Mrs Jane Ash knows what his commitment will mean if it happens for every child in Britain. Her seven-year old twins attend Hursthead Infant School in Stockport where their class teacher, Fiona Reeve, is a young music graduate and subject co-ordinator.
"I'm just so delighted and impressed by what an infant school can achieve," says Mrs Ash who is a parent governor and a secondary teacher herself. "The singing, and the harmonies, are wonderful. There's a lot of good humour and enthusiasm and Fiona certainly brings out the best in everyone."
Her twins, Katherine and Thomas, have grown in ability and confidence under this inspirational teacher's influence. They sing the register in the morning, compose every Friday, perform in the choir at lunchtimes and play the recorder after school.
Headteacher Sue Born says music is an essential part of her school's broad curriculum and tells me that a recent Ofsted inspection noted the "sense of enjoyment and fun in learning" which the high standard of music teaching brings.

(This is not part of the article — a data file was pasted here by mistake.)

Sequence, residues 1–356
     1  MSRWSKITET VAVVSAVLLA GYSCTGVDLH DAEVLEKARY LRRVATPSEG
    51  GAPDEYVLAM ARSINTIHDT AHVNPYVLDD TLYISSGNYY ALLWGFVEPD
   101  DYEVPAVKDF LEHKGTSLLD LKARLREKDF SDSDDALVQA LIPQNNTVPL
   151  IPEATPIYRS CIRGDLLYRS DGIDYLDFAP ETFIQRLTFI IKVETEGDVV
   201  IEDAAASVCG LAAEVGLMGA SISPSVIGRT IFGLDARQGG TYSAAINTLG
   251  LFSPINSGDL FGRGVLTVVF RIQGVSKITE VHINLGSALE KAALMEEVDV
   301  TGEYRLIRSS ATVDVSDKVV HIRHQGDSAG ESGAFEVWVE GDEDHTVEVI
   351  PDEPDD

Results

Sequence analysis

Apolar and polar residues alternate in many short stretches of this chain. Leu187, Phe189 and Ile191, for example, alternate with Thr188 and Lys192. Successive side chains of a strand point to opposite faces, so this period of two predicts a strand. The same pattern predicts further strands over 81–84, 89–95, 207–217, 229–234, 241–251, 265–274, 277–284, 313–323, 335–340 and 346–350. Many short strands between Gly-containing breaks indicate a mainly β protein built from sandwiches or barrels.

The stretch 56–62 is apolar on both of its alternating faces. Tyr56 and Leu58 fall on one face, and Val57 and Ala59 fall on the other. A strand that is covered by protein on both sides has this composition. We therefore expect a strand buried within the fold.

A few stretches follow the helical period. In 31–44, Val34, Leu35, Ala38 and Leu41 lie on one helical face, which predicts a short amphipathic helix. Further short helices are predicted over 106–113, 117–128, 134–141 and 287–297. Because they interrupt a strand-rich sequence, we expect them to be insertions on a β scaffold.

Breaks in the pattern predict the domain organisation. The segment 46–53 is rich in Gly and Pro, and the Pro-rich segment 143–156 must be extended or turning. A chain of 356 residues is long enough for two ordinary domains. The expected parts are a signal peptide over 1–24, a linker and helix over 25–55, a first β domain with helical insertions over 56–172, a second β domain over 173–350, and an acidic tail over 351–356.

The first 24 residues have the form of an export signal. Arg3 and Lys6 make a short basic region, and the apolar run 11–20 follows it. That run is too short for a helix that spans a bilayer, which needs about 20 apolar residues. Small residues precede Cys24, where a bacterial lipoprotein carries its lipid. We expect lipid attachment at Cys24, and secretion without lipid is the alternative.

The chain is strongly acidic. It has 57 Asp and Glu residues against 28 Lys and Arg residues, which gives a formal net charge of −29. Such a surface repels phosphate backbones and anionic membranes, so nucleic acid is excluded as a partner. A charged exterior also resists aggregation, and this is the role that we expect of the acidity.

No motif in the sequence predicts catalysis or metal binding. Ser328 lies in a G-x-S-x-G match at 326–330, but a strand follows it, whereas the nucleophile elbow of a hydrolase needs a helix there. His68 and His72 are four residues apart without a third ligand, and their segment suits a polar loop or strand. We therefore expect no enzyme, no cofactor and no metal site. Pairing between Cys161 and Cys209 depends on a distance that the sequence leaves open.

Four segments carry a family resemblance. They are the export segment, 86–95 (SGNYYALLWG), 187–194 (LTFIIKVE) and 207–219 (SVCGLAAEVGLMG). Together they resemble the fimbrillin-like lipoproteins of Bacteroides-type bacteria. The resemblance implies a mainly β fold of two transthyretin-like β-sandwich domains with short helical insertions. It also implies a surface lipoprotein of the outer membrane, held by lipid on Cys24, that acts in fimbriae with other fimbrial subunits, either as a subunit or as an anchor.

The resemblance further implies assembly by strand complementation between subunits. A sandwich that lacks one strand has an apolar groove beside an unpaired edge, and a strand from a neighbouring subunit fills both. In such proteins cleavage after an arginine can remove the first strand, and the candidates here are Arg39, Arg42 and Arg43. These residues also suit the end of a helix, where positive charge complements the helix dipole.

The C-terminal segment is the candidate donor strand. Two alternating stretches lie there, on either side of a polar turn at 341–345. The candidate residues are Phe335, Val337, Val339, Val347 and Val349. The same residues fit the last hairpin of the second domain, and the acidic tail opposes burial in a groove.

When she was a child Fiona herself benefitted enormously from schools music - she learned the piano and cello and became a member of Lancashire's Student Symphony Orchestra and chamber music groups. "I am very lucky," she says now, "to teach in a really super school where the enthusiasm and commitment of the teachers just rubs off on the children."
Well, it doesn't always happen, but with more help from Mr Blunkett it might just become a regular occurence.
Turn to our resources section this week if you're looking for music and movement teaching packs and I'm sure the World Cup frenzy could lead to some musical ideas. If you're enjoying a half-term break, spare a thought for the unsung heroes you know in schools and send their names to me for Bouquet of the Week.